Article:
This reluctance towards change is not a new development among humans. Satan has been preying on those who refuse to be ‘transformed by the renewing of your minds’ (Romans 12:2) for countless generations. In fact, if you read the passage above carefully, you’ll notice three very important things about David that the enemy knew well.
One: David was old and tired (verse 15).
Two: He wasn’t expecting an old enemy to rear its ugly head so late in his life (note who his attacker was the “son of” in verse 16).
Three: David wasn’t expecting the enemy to come with “a new sword” (verse 16).
This last tidbit really leaped off the page when I first read this scripture. I wondered why God made a point of mentioning this ‘new sword’. Why did it matter that this son of the giant’s weapon was fresh from the factory?
It took me a few years of church battles to realize why God included this tidbit of info about David’s old enemy. The reason is fairly simple: the enemy of our souls knows what he is doing.
Our enemy understands human nature better than most of us do. He knows that while God’s aged warriors are building their individual walls against change, he’s building ‘new swords’ to attack us with. Need an example? Think about the changes to public schools from the time you and I attended them to today.
Today’s school kids are facing issues and challenges that were barely on the radar as recently as 15 years ago. Most of our churches are not equipped to minister to these kids because too many of God’s tenured believers are stuck in the pre-internet, pre-metal detectors, pre-school shooting ‘good old days’.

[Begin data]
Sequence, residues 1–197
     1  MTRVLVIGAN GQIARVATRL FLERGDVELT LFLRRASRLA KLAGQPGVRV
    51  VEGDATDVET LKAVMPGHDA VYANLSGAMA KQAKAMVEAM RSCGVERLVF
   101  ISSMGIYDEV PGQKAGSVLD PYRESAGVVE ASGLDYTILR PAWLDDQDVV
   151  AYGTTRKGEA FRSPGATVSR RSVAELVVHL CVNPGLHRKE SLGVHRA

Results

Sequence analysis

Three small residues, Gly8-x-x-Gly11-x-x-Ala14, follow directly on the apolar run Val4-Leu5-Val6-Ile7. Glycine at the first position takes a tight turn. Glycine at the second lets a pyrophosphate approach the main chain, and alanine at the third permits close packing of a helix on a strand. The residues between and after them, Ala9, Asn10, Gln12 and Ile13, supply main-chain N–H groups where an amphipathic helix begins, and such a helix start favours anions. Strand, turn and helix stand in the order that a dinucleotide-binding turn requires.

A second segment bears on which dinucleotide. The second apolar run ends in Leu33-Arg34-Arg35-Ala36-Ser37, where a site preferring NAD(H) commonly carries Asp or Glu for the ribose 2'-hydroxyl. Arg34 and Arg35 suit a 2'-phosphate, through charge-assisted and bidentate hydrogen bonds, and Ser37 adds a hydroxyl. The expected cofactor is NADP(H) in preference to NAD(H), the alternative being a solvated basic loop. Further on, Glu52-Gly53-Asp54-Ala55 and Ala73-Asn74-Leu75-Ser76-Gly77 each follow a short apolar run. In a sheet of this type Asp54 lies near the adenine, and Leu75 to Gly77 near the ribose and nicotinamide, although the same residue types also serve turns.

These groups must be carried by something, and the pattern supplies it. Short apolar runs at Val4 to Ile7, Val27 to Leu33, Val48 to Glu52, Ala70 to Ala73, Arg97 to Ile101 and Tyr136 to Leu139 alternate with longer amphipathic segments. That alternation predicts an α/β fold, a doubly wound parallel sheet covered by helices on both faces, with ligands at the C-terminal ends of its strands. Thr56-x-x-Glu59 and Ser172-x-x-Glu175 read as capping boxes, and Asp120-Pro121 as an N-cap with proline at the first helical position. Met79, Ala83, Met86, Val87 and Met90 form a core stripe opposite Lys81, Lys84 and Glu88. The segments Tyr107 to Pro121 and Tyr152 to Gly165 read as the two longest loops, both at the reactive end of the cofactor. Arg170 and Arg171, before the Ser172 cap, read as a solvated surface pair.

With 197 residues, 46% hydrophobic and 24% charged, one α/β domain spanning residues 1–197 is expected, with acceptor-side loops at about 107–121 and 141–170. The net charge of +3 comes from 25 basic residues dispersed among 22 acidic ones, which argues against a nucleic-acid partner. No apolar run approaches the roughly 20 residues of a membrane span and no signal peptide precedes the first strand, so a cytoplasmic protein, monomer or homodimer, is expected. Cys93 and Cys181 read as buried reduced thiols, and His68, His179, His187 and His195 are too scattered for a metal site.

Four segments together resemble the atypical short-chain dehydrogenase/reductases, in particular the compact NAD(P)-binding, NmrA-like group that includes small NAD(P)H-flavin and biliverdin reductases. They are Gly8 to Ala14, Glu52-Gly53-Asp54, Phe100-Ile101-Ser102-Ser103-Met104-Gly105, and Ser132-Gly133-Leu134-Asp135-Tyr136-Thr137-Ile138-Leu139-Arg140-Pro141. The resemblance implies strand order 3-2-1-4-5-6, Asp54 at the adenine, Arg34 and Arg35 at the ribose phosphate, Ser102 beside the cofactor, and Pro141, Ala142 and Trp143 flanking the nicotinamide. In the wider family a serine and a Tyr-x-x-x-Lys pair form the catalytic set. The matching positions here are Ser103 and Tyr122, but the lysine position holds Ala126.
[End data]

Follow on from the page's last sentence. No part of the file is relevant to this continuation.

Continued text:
Whether we like it or not, change is inevitable. The real irony in this discussion is if there is anybody on the planet who should be fully aware of the unavoidable reality of change, it should be people who have logged a significant amount of hours on this planet. Yet, it has been my observation that the believers who are typically the least prepared for the enemy’s ‘new swords’ are the people who should be the MOST prepared for them.
Think about it. If we’ve spent 25 or more years as Bible-believing, Christ-following, Spirit-filled, church-attending Christians, then we should be armor wearing, meat-eating, giant-killers. No, forget giants. We should be taking down dragons at this point (Revelation 12:9).
Unfortunately, instead of being fully equipped kingdom warriors, far too many of God’s tenured saints often find themselves like the David of 2 Samuel 21 – waxing faint. It should be noted that David had to have help from someone stronger and younger in defeating his enemy (verse 17). While it is awesome to see the younger generation stepping up and taking their roles in the Body of Christ, this isn’t the signal for the older generation to retire their armor and swords.
The Body of Christ needs ALL of its members to be healthy parts of the body. Young, old, weak, strong, male, female, we ALL have a part to play in the Kingdom of God on both sides of eternity.
So, as a new chapter in Cypress Fellowship’s history dawns, my prayer is that every one of God’s people is fully prepared to armor up, pick up our swords, and stand firm against the enemy’s attempts to put a stop to what God is doing in Cypress, Texas. May we all be a part of what God is blessing rather than waxing faint at the ‘new swords’ coming our way.